2.    West Hayden Island is located entirely in the floodplain. In 1996, all of West Hayden Island was underwater. This is not the place to construct industrial facilities especially in the age of climate change.

3.    The Port of Portland has not justified destroying West Hayden Island to build a marine industrial facility. It cannot say what exactly it intends to build or when it will be built, but insists that annexation and rezoning is necessary. It has also failed to address issues raised by Audubon and the Business Journal of Portland in 1999 regarding collaborating with the Port of Vancouver. There is no excused for destroying critical wildlife habitat when the two Ports are not already maximizing use of the existing industrial land base.

4.    The new bridge that would be required to support development on West Hayden Island will cost over $100 million of tax dollars.

5.    East Hayden Island is currently one of the most park deficient areas in the City. (The Port does not allow access to West Hayden island.) Protecting West Hayden Island as a natural area would create outstanding recreational opportunities to enjoy nature in North Portland and would become one of the region's premier natural areas.

Posted by: Michael Rose - July 19, 2010 10:23 PM

quite simply, West Hayden Island should be kept and restored as wildlife habitat, for the reasons so well articulated by Mr. Sallinger and Mr. Kajitani, posted above.

Posted by: Linda Robinson - July 19, 2010 11:04 PM

Reminds me of the deer I saw on Marine Drive a few days ago -- dead as a door nail, obviously from a collision with a vehicle. Probably one of the deer that lived in the Columbia South Shore area before the city, with the help of the Port, turned the area into an "industrial sanctuary".

I agree with Bob Sallinger that "West Hayden Island should be protected in its entirety for wildlife and nature based recreation."

Posted by: Richard Gunderson - July 19, 2010 11:29 PM

Hi Amanda....This is very simple...West Hayden Island should be protected from development.  The port's proposal does not make economic sense anyway.  Another bridge to get the products off the island?  Save the wildlife.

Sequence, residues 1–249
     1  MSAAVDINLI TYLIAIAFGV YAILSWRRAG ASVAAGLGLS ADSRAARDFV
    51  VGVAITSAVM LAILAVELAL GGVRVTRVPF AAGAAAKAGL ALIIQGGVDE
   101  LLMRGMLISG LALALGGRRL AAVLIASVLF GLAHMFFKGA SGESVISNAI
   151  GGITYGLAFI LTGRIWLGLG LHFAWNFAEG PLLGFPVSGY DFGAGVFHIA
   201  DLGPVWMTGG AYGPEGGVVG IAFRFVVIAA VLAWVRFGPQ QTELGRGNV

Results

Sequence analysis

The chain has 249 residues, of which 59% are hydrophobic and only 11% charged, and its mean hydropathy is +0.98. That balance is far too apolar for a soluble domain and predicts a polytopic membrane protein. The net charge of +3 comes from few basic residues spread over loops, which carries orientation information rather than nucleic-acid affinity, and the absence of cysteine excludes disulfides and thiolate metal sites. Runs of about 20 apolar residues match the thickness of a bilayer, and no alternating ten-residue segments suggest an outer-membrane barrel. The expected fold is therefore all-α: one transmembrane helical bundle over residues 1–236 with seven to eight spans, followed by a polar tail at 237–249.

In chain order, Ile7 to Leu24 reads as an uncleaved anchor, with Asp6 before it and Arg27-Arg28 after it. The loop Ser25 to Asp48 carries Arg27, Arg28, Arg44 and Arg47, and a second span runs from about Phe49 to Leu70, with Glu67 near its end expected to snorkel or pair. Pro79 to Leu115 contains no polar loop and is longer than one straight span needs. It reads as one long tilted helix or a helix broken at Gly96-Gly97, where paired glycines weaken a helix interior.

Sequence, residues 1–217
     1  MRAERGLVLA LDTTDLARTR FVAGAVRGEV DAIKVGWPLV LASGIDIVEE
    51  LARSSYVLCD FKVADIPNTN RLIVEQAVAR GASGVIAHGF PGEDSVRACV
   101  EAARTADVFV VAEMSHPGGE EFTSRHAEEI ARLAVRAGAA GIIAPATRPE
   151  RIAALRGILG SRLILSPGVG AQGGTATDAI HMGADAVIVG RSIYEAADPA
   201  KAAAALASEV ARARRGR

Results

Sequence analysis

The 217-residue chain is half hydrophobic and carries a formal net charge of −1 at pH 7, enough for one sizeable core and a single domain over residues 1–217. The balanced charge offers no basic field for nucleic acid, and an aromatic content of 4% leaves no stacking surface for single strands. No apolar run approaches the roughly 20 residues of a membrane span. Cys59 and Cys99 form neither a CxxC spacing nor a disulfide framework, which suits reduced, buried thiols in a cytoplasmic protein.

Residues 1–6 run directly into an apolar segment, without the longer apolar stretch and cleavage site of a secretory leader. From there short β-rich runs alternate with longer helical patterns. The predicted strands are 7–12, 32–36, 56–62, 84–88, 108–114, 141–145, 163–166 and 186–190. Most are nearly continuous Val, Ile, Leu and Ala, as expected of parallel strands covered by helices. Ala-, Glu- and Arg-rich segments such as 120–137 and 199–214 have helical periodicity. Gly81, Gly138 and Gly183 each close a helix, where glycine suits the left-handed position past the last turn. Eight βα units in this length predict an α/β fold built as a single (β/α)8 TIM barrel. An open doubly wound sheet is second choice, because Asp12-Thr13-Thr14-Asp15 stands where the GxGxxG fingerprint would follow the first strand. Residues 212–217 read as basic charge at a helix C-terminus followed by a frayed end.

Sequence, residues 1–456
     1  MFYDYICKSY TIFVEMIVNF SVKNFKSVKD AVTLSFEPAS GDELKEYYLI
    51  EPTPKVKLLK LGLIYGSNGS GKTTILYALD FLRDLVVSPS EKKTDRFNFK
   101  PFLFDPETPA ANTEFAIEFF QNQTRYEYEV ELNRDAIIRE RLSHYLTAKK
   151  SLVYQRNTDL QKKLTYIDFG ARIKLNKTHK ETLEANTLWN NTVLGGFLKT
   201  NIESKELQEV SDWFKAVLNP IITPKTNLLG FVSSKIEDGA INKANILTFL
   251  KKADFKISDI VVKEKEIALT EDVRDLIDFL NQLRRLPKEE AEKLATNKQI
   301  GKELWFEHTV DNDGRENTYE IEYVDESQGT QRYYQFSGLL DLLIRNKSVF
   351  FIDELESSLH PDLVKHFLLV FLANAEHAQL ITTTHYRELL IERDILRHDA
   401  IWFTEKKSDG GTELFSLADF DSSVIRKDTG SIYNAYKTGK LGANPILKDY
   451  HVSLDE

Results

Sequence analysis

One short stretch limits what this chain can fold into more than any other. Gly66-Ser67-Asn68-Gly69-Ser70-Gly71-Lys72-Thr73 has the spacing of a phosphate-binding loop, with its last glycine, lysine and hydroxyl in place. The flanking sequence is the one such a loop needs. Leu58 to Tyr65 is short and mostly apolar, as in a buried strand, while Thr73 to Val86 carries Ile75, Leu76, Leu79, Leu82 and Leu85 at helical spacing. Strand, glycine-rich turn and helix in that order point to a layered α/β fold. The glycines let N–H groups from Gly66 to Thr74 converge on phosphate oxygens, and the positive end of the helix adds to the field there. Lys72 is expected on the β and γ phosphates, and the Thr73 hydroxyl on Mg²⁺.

Posted by: Tom Badrick - July 20, 2010 07:21 AM

Preserved please and thank you for asking. I can't fathom why the Port is even asking given the lack of need for additional port space and in light of our ever increasing move towards being the greenest city, would question the decision making skills of those within the Port of Portland that feel its a good idea to even bring this forward.

Posted by: Amanda Fritz - July 20, 2010 08:25 AM

Thank you all for your comments.  I read each one, and all the emails and reports of phone calls to my office, as they come in.  It will be an important and interesting hearing on July 29, and I hope many Portlanders will attend.

Posted by: Catherine Halpin - July 20, 2010 10:10 AM

I am pleased to see the overwhelming support for preservation of West Hayden Island reflected here in these comments.
I agree - this piece of land is too unique and too precious to develop. I remain unconvinced that Port needs to develop this property and am extremely uncomfortable with the notion of zoning it for industry without fully knowing the scale and impact of that development. Not to mention, building in a flood plain makes absolutely NO sense.
No part of WHI should be developed. I would love to see it protected and formally recognized as one of region's premier natural areas and as the wildlife haven it is. The habitat is too important and once it's gone - we can't get it back. Please, please protect this irreplaceable land.

Posted by: Ron Klein - July 20, 2010 04:51 PM

I worked on this project over 30 years ago when PGE owned the property.  It was a good idea in the 80s, it's a good idea now.  Focus on mitigation and habitat enhancement on the tip and south side of the island.  Then develop the north side (Columbia River side) for marine industrial uses in phases.  I wish the Port well in this effort.

Posted by: Elisabeth Neely - July 20, 2010 09:05 PM

This is a real test of Portland's commitment to the environment and to sustainability. Are we going to continue to develop what little is left of the historic floodplain along our rivers or are we going to begin the process of restoring real balance by protecting what is left and finding more efficient ways to use the already developed landscape?

I want my kids to grow-up in a city that still has bald eagles and herons and salmon.

Please protect all of West Hayden Island!

Posted by: Cheryl Lund - July 21, 2010 06:53 AM

Ron, there is only 826 acres to work with here.  It is highly inaccurate to think that leaving wildlife habitat on the "tip" and on the "south shore" will be enough for the osprey, eagle, beaver, kingfishers, deer and songbirds.  They will disappear.  Light, noise, air and water pollution knows no boundaries.  Also, development on the north shore would create an immense concrete viaduct instead of a river environment.  Do we want the Columbia to look like the Los Angeles river (basically a huge open sewer)? Critical salmon spawning areas would be decimated.  Marine industry on West Hayden Island Wildlife Refuge was a bad idea in the 80's and is a worse idea now.  It is an old idea whose time is gone.

Posted by: Mary Fulton - July 21, 2010 02:06 PM